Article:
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The only way to have a friend is to be one.
- Ralph Waldo Emerson
Boost Your Self-Esteem
Thursday, Nov 11, 2004, 3:59 PMSkyrocket Your Self-Esteem
Beverly O'Bryant, in her book entitled Celebrate Yourself, writes that "what is important is that groups, individuals, systems and institutions see the need for dealing with self-esteem and realize that how one feels about oneself directly and proportionally impacts their success in whatever task they're going to perform."
The importance of self-esteem is finally catching on. Our greater awareness now enables us to acknowledge our egos as something positive (as long as we don't display them to others excessively or obnoxiously).
The higher your self-esteem, the more you like yourself, the better you get along with others, and the more you accomplish.
Small successes give us greater self-confidence, which leads to the pursuit of bigger challenges, and then bigger successes.
There's nothing wrong with being proud of what we've done, of what we think we can do, or of who we are and where we come from.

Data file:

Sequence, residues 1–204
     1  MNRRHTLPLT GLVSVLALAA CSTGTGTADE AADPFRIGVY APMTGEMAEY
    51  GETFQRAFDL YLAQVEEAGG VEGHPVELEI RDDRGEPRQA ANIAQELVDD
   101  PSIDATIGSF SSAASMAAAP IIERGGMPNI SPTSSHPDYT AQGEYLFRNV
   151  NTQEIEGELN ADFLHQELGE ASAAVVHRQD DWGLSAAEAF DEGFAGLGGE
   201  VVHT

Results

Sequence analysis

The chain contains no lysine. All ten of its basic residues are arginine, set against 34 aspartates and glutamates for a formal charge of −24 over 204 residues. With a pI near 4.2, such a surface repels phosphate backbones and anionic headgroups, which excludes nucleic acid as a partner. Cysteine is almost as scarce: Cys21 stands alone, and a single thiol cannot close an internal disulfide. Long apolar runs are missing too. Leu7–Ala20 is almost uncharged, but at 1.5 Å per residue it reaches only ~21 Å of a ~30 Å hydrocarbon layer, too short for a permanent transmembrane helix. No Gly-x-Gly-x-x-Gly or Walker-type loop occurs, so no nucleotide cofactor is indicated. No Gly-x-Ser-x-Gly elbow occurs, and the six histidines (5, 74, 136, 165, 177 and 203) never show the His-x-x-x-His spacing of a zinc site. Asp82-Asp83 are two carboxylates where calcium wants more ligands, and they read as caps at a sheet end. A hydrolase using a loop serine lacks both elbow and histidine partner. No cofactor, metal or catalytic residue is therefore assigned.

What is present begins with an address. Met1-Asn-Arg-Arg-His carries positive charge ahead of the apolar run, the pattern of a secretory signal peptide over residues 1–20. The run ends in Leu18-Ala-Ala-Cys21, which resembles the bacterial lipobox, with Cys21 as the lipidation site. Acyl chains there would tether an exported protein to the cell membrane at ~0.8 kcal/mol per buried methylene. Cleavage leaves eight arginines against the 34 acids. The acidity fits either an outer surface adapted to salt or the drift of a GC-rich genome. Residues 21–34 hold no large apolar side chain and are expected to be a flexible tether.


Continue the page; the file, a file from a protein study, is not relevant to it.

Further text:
Margaret Thatcher once said, "I wasn't lucky, I deserved it." This pride is necessary if we are to improve our present situation.
Dr. Anthony Greenwald, a psychologist at Ohio State University, as quoted in Harvey Mackay's book Swim with the Sharks without Being Eaten Alive, describes the "egocentricity bias"--the reinterpretation of events to put ourselves in a favorable light and the belief we have more control over events than we actually do--as a sign of mental well-being.
Mr. Mackay then identifies this as "optimism"--a quality that consistently delivers results.
He goes on to say: "Optimism involves self-delusion, a belief that our own abilities are superior to the obstacles that logically should overcome us. But that's exactly what's needed to perform any heavy-duty assignment. It's a hell of a lot more productive than humility."
Never underestimate your potential. Look for new and significant challenges. Look to open new horizons.